Far behind it was another faint smudge of land. That was the sprawling island of Skye, mountains
reaching up to the clouds, townships usually bustling with tourist traffic from the mainland. There’d be hell to pay if an oil-slick reached those beaches.

Setting down the mug, he headed back towards the bridge. Halfway there he stopped, frowning, as
Marlin
’s engine beat took a sudden drop in revolutions and the deck lurched under an equally sudden turn to starboard.

Carrick covered the rest of the distance in a hurry.

When he got there,
Marlin
was creeping in towards Moorach Island with speed down to little more than steerage way. Captain Shannon had quit the command chair and was over at the starboard bridge wing, beside one of the recently arrived look-outs. Both had glasses focussed on the shore ahead.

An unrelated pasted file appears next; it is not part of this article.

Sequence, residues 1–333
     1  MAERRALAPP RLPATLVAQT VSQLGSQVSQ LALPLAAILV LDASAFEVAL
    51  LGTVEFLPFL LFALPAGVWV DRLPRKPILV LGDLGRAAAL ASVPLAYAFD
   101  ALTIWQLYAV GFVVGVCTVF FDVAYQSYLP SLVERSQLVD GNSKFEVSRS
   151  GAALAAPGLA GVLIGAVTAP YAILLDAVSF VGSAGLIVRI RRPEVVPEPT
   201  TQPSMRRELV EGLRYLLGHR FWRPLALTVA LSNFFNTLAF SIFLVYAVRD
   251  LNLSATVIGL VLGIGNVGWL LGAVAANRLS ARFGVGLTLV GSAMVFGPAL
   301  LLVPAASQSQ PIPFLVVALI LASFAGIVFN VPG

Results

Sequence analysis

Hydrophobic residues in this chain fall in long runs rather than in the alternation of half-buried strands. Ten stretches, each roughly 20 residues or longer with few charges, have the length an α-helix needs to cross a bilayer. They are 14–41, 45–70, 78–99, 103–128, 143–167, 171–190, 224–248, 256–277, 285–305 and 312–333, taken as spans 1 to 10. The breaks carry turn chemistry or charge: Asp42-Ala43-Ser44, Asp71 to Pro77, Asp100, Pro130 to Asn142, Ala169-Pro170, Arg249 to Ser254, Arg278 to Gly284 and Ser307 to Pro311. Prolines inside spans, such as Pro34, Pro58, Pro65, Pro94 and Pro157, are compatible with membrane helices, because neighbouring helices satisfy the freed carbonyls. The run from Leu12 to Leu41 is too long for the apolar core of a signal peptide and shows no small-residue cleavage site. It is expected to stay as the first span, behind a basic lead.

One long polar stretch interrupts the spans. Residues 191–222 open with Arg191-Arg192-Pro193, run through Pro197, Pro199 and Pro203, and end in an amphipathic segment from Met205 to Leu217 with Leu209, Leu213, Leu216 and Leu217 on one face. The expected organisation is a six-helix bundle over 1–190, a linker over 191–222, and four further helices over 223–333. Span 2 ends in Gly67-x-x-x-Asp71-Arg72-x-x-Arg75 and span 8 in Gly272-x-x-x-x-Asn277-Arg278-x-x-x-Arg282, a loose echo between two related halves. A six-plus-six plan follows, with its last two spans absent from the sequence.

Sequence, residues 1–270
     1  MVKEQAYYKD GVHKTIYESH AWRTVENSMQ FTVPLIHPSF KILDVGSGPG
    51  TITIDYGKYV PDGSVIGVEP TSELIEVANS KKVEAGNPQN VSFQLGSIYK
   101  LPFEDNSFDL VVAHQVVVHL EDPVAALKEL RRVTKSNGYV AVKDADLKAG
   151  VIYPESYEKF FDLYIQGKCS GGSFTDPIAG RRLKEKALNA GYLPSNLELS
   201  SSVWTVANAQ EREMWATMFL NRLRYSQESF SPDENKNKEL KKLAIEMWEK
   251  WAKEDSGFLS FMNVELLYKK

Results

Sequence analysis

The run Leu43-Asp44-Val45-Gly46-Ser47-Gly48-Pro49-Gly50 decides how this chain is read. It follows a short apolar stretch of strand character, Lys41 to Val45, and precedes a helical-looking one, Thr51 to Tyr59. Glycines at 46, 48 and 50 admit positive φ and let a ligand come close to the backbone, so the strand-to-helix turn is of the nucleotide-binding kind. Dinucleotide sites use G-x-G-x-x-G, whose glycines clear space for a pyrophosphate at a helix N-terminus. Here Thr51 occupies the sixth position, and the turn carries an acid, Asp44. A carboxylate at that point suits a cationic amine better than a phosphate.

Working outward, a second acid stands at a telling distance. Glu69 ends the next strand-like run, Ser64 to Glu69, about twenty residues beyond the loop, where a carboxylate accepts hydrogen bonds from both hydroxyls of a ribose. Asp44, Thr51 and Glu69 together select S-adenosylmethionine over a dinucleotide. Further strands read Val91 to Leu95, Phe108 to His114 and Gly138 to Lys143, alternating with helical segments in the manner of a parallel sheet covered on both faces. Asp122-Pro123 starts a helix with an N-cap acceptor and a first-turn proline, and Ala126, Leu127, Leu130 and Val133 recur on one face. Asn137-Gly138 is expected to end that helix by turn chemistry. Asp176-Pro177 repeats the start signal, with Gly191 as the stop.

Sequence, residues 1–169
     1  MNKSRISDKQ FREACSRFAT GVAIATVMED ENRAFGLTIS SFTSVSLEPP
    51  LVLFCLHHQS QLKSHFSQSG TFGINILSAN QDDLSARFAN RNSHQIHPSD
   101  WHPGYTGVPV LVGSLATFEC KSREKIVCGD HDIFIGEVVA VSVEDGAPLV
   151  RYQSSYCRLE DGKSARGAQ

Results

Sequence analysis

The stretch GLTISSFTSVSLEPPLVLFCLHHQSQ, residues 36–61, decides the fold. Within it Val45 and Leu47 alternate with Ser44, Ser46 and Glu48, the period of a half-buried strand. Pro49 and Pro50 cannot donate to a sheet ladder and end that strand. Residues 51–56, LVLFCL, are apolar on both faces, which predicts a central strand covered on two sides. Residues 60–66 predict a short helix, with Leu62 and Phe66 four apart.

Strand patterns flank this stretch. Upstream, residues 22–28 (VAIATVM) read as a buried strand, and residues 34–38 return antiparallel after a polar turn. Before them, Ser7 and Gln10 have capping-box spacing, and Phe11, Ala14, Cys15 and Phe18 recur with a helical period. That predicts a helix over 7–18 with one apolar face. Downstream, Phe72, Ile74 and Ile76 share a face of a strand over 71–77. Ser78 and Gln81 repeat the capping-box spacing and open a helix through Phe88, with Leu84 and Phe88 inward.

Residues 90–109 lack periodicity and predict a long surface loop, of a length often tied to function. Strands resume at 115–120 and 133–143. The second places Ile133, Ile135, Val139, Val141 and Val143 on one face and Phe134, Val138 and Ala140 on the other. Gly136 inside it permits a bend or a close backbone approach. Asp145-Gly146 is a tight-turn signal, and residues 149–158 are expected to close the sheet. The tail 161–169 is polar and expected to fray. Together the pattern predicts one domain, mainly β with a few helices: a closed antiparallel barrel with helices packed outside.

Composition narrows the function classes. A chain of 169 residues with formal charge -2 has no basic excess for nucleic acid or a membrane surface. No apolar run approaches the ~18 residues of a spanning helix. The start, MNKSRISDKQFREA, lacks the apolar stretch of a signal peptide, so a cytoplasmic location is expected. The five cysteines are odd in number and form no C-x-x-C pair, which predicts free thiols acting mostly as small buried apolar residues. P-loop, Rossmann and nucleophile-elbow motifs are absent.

Hearing Carrick arrive, Shannon lowered his glasses.

‘Take a look,’ he invited curtly, passing them over.

Carrick used the glasses and winced. Stranded by the receding tide and lying half-over on her side, a fishing boat was jammed against a jagged ridge of rock. Planking had been ripped open below the waterline near her bow. She had part of a torn net still trailing in the sea which lapped against her exposed stern. But there was no sign of life aboard.

Shannon crossed over and jabbed the siren button.
Marlin
bellowed a long, inquiring blast, then another as he pressed again.

Carrick saw a seal make a panic-stricken dive from a ledge and the splash as it hit the sea. Gulls and terns rose by the score from their nests along the cliffs and circled angrily. But no one answered from the boat or appeared along the desolate shore.